“What’s in a name? That which we call a rose
By any other name would smell as sweet.”
Shakespeare, Romeo and Juliet
Words have become a lost art in our culture, but still the most important communicational tool. Often times, situationally, people are very unaware of the words in which they chose, those words can convey very different meanings, at times even creating a bias in an impartial argument.
Time and time again there are seamless thoughts that float between my group of friends, many of which are artists, who argue the uselessness of words. Some of these people have later repented and told me their aversion of words stems from their inability to grasp them. Nonetheless they stand firm in their convictions against words. Given my journey I walked down, I argued in opposition to their positions. As time dwindles on, more and more beautiful people who surround me, have similar arguments about the concept of words.
I recognize meanings are lost in translations, enlightenment is unexplainable, and repeatedly feelings are indescribable; yet for the limitations of the human form and ego, language and words are necessary. They are the only way in which to communicate.
Now words are tricky, tricky items, for one word not only has many meanings, but words mean different things in other cultures, languages, and time frames. Buddha teaches that by scrutinizing and fulling exploring any aspect, will we be able to fully understand it; thus words and language are no different.
I have found that people that think language is useless tend not to watch what they say, let alone how they say it. Often a lot can be conveyed in tonality, body language as well as the linguistics of word choice. People give themselves away in these subtleties, and by not paying attention to what they say, give something away they wish to hide. Otherwise people convey wrong messages, and get lost in interpretation as well. This causes more problems, especially with couples who fight. More often than not the fights, and disagreements that we find ourselves in could be completely avoided by just being conscience of the words, what and how we use them.
Through out history great speakers, and authors have understood the power behind words. William Shakespeare, even admitted the difficulty and the strong understanding with words. Naom Chomsky, a great authority in American culture, started his career and gained his prestige by the world of words. Chomsky introduced himself to the world as a linguist, studying the language and word choice of the world. Historically words and language is something that culture has been working to understand and master, it is by pure awareness that we are able to communicate and explain without misinterpretation.
One of my preferred examples of misused language is a single line that former president Bush used while giving a speech on the War in Iraq. He said, “This crusade, this war on terrorism is going to take a while.” Well when the word crusade was used, many Americans did not raise an eyebrow, and why should they? In the American historical moment the word crusade is taught with a subtle indifference. American culture views the word crusade as a pushing forward, a righteous action, and almost a synonym to heroic action-at times equal to heroic in weight. Yet the rest of the world cringed as Bush uttered this fateful word. Europe and the Middle East, crusade means cleansing, killing and cannibalism. The whole idea of a crusade not only means increasingly negative feelings and motivations, but also the antagonizer having little to no respect for the lives of any people in the region of those in defense.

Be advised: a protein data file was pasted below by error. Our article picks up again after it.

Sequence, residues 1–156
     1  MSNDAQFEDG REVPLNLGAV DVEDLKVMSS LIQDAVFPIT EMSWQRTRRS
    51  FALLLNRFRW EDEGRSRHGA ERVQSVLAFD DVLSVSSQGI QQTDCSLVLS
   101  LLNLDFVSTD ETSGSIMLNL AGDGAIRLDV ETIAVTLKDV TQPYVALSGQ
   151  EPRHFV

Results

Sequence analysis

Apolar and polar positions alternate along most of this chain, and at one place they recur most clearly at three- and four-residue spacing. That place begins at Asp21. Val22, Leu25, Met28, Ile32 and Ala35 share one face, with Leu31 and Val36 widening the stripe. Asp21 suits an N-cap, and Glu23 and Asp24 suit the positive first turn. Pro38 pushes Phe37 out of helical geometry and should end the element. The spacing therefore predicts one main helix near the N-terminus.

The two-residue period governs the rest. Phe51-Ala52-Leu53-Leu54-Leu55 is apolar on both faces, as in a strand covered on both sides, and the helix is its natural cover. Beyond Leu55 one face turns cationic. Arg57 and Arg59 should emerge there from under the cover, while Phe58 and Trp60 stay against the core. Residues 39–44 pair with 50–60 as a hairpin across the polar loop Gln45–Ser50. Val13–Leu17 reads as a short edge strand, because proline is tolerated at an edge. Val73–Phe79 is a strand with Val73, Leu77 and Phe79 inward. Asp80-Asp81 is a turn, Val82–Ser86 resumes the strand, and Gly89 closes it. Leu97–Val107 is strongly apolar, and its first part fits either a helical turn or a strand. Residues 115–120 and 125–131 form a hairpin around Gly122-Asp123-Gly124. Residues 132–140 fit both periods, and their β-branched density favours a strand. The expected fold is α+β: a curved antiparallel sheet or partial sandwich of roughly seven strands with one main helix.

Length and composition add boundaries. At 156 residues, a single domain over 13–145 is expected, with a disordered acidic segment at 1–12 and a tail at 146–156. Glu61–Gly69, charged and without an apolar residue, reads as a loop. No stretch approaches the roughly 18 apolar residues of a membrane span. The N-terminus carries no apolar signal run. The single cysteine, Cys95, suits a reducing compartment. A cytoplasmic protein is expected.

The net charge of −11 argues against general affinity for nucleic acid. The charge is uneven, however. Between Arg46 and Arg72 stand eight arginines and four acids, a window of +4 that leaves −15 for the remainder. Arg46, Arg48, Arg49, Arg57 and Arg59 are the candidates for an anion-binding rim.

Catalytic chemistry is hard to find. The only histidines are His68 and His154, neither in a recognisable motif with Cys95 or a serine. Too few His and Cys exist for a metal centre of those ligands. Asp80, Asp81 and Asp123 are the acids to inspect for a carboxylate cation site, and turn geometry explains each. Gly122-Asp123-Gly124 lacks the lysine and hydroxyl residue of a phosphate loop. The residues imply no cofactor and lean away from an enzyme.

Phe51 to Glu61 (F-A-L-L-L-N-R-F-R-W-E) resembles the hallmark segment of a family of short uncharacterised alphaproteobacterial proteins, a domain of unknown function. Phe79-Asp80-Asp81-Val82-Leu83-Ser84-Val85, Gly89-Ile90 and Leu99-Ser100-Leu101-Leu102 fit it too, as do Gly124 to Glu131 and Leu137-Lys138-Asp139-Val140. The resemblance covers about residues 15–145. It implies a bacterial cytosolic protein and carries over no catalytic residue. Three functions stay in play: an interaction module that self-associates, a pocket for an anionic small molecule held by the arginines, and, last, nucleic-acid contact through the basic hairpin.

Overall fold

While many Americans, fretted thinking that the culture of the Middle East needed to let go of their hurts which came from hundreds of years ago and reinterpret this word, the rest of the world gained a different perspective on the war. One word caused almost a catastrophe of epic proportions, why? Two different cultures for centuries interpreted, taught, and weighted this word differently; one with almost indifference, and one with fear, and negativity. This whole mess could have been avoided, if only Bush’s speech writers had paid attention to the meanings of words, in all aspects and were aware of deeper aspects of language.
Additionally the whole of the Rwandan genocide of 1994 was powered and fueled by words. In his autobiography An Ordinary Man; (2006), Paul Rusesabagina admitted that it was the words of the radio station that allowed for the hate to spread. In his introduction he talks about the wide range and following of the Hutu radio station. It was the hate that was spread due to that station which allowed for neighbor to turn against neighbor, and friend against friend. Rusesabagina warned against the wrong use of power in words.
Journalists, historians, and writers are aware that their words equal power. Just by choosing the right word, tone and context, one can create a genocide, hate, love, change perspectives, and most importantly influence interpretations and impressions. By choosing our words and tones carefully, we can influence beauty. The yogi always teaches to watch the words and images one feeds their brain, as well as the words they feed the world. It is important to be aware of the way and how people talk, and how the information we find is worded, as well as how we interpret it and regurgitate. Only when we have reached full awareness can language drop away and the indescribable can become describable.